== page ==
Forget the Fed, Listen to the Market… Short-Term Rates are Rising

Yesterday, the Federal Reserve released the minutes of the minutes of their last meeting that took place on September 19 & 20. The financial media makes a big deal out of Fed statements and for good reason. They control the supply of money and credit along with their member banks. Many financial journalists and asset managers sit on the edge of their seat wondering if and when the Fed will raise or lower the overnight Fed Funds rate. This is the rate banks charge when they lend to each other. The theory on how short-term interest rates interact and influence long-term rates was developed by Sir John Richard Hicks in his book "Value and Capital" published all the way back in 1939.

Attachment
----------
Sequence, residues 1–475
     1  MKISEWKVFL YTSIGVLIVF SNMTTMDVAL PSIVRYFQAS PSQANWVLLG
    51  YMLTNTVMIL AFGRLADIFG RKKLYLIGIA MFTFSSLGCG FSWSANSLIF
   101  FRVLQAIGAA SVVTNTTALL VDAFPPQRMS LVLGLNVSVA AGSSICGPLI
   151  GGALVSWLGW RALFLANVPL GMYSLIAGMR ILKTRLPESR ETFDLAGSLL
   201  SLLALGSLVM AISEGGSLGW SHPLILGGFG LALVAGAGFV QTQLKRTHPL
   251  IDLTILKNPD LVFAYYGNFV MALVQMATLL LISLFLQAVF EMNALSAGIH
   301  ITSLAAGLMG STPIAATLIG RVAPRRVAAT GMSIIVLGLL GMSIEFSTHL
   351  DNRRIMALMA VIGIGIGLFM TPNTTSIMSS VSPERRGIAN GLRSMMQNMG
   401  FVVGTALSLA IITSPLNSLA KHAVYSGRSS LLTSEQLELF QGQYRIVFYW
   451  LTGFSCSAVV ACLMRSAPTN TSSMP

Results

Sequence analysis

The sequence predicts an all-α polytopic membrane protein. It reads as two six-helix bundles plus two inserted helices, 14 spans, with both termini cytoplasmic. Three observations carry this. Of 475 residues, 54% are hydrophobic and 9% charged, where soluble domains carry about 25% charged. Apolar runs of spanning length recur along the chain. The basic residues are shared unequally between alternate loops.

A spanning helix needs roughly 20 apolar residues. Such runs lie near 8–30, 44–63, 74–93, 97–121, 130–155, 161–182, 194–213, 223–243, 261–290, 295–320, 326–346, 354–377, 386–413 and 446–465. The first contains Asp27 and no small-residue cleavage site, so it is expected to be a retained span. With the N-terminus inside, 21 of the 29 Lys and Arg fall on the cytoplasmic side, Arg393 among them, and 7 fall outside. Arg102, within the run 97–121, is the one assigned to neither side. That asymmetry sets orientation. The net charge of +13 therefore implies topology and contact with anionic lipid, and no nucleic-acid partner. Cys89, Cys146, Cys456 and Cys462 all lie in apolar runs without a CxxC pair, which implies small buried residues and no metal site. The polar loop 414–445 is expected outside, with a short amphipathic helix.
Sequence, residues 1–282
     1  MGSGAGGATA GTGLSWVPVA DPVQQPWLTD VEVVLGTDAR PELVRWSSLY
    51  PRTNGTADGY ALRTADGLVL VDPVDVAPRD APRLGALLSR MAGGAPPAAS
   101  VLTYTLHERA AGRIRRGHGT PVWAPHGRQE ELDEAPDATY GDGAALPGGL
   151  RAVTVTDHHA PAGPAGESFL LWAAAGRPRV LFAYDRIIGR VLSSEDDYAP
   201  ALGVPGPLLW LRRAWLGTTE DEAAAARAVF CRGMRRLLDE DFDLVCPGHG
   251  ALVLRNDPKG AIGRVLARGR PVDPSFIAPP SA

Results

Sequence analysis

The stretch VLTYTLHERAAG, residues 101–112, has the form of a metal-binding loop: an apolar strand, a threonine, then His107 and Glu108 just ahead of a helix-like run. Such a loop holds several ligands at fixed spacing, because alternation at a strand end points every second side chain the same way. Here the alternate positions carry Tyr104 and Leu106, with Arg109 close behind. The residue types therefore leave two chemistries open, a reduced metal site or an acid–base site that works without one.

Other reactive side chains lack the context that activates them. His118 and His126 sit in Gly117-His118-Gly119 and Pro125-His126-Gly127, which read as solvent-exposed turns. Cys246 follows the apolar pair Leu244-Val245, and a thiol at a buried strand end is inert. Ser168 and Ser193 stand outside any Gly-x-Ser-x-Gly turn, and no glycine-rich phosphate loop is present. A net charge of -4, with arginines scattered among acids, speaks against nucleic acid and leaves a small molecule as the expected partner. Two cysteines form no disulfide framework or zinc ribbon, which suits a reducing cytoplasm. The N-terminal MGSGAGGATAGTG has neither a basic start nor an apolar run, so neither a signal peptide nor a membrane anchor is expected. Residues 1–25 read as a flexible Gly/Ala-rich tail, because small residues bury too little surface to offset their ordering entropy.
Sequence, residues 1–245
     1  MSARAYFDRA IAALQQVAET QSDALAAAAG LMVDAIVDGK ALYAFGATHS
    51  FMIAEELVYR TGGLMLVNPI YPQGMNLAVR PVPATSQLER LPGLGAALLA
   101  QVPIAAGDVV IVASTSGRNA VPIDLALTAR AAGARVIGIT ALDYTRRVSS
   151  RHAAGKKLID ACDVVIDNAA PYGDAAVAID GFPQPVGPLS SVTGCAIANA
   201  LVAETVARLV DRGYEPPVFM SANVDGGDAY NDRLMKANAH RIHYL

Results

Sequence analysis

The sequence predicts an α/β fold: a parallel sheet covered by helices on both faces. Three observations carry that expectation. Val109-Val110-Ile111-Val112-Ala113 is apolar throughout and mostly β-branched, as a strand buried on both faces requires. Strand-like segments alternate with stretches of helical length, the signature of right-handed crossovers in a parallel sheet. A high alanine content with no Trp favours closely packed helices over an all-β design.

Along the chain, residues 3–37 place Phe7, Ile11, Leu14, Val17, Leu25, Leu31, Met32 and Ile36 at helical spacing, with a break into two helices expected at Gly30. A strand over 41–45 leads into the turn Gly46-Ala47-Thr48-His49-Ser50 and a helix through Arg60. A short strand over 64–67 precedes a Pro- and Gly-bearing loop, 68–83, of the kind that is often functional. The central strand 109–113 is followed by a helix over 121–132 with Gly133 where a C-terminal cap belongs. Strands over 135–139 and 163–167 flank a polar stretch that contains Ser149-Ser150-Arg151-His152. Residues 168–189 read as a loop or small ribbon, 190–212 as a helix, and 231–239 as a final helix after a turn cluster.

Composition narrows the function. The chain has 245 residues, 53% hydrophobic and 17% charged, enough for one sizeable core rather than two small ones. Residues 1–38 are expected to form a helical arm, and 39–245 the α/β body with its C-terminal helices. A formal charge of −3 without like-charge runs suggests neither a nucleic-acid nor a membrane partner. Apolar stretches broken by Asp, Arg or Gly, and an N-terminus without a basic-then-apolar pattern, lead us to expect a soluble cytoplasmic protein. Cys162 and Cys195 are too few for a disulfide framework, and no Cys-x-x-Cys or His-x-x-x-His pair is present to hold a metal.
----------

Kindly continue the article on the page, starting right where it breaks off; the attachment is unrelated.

Historically, the Fed only influenced short-term interest rates through the purchase and sale of US Treasury Bills. If the Fed wants rates to rise, they would sell T-Bills, if they want short-term rates to fall they buy T-Bills. Quantitative easing is a way the Fed influences long-term rates.

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